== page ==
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Category: Clothing

75As is often the case, today’s post is brought to you courtesy of Twitter. After the first episode of Wolf Hall aired, there was a raging debate about the colors used in the costumes. I think the main thing that set people off was Henry’s brocade doublet and his bright red schaub coat (how sad is that I only know the German name for that garment, because I’ve spent all my time in that period studying Landsknecht costuming?).

Several people said they were simply too bright, too vivid, etc. to be historically accurate. They landed particularly on the reds as being impossible to achieve in that era (and then purple got brought up, which I’ll tackle next time I post). When I was done scraping my jaw off the floor, the tweets were fast and furious.

madderTo put it in a nutshell: YOU DO NOT NEED ANILINE DYES TO GET DEEP, BRIGHT, INTENSE COLORS! (and anyone who’s ever looked at extant textiles should know this)

Let’s outline the dye options open to Henry VIII (c. 1525, when he was trying to divorce Catherine):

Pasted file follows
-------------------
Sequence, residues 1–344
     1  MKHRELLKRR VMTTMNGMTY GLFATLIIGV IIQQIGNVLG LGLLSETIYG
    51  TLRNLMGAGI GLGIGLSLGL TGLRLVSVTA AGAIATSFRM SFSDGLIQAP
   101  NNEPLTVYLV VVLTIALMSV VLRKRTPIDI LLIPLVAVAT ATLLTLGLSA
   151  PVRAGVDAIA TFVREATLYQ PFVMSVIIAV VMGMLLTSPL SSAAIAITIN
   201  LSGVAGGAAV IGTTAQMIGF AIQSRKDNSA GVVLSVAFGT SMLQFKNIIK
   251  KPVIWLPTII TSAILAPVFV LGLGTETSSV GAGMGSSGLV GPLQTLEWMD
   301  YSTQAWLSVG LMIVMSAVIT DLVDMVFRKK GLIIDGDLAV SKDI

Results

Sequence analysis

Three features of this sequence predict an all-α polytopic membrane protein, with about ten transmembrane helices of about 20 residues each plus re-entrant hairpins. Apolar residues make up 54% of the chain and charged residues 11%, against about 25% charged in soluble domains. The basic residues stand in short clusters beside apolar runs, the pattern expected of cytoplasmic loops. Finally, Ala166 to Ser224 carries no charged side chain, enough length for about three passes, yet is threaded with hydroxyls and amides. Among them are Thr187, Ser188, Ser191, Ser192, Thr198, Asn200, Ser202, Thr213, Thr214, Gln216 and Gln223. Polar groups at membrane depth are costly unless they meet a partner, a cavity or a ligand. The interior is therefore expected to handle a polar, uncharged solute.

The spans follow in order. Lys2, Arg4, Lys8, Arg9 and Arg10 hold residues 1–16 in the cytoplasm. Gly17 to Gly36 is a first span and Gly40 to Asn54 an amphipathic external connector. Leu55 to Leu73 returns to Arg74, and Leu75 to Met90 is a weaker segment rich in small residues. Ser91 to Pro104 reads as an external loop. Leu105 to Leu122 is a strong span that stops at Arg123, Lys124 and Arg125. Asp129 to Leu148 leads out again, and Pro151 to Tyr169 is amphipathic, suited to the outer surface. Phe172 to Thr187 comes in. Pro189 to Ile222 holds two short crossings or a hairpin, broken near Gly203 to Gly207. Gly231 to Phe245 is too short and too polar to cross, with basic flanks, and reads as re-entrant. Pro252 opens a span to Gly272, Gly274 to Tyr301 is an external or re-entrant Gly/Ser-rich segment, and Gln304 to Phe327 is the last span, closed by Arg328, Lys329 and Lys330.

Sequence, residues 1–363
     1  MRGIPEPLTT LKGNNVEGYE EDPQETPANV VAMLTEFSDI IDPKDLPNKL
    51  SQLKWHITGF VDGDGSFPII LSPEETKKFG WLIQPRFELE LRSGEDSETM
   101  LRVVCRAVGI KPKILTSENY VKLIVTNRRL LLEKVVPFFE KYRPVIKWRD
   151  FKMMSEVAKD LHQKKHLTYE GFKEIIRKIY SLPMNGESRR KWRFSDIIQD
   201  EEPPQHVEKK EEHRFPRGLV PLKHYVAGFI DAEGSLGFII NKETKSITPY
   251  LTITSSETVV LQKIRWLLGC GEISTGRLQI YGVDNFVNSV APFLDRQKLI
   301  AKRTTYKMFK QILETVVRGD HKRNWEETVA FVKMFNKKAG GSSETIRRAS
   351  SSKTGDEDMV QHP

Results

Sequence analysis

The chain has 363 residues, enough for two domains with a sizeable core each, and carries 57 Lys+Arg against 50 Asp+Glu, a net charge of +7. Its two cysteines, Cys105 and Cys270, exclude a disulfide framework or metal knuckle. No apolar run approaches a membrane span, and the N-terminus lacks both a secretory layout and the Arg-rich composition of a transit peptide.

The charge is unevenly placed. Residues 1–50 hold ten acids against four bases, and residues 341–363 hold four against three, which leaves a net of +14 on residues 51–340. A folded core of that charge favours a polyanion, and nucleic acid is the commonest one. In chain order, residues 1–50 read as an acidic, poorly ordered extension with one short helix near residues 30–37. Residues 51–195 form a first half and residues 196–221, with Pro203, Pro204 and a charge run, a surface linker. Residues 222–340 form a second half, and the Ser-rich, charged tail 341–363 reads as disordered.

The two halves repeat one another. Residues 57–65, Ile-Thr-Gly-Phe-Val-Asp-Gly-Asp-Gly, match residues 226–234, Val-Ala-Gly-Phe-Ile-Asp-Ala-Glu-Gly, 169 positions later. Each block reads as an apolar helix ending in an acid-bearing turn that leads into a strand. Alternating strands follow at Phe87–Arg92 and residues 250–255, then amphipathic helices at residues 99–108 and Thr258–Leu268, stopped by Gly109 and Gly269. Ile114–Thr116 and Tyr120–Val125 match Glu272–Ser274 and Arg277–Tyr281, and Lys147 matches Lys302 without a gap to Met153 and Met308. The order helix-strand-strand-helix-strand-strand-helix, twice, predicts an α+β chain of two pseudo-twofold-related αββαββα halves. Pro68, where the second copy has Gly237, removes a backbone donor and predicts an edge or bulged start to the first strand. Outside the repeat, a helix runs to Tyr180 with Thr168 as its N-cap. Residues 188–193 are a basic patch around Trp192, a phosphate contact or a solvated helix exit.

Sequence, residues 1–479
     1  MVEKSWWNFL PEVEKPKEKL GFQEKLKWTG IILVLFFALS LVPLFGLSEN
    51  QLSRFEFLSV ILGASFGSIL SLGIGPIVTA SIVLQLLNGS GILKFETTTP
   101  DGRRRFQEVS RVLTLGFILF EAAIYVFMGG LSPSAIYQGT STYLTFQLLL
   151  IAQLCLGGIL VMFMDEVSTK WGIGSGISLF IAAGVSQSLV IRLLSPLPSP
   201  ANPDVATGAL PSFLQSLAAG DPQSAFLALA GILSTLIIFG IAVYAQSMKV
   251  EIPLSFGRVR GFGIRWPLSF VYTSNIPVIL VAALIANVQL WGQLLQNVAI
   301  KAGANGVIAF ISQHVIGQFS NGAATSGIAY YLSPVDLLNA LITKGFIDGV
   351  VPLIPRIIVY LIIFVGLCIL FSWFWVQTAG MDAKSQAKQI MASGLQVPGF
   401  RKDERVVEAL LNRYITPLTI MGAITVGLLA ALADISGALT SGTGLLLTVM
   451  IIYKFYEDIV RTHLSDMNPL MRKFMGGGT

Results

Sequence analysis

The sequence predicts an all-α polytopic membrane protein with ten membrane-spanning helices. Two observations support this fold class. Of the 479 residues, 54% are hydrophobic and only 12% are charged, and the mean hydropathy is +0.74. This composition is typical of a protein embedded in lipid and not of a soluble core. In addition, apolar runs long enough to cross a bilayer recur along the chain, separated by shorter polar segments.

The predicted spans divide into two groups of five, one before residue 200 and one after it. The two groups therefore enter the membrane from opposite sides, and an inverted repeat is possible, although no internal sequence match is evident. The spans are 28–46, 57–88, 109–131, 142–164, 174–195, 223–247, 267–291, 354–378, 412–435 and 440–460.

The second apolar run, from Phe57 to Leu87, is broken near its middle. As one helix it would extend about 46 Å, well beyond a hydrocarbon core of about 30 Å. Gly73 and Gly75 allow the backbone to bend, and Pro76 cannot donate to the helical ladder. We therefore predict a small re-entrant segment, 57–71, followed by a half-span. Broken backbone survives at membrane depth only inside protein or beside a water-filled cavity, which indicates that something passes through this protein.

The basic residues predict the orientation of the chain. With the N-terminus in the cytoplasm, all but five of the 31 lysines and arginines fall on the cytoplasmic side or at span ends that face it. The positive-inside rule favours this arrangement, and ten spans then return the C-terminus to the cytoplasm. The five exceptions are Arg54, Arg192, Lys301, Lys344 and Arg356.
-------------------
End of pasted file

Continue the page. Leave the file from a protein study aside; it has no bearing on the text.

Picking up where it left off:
First and foremost, there was madder root. Madder was cheap and plentiful. It produces decent reds, but is probably not what is being used to produce fancy brocades for the KiWall Hanging 16thCng of England. Top left you can see Dharma Trading’s madder root swatches, and as you can see, madder is pretty vivid on silk (and would be so on wool).

The next option is kermes, a red dye made from the body of a Mediterranean insect. It was used    throughout Europe and was a highly desirable (and very expensive) dye stuff. If you had money, fabrics made with kermes dyes were readily available. They were widely in use by the Church and by the nobility (and the wealthy in general; we know they were widely cochinealavailable, because they had sumptuary laws about red in some places). The detail of a 16thC wall hanging to the right is most likely dyed with kermes.

After the Spanish conquest of the Aztecs, you also have Mexican cochineal (first shipment in 1523, so it’s entirely possible that fabrics made with cochineal would have already joined those made with kermes on the open market). Bottom left you have Dharma Trading’s cochineal swatches, which on my compter are trending a little more purplish than they do in real life.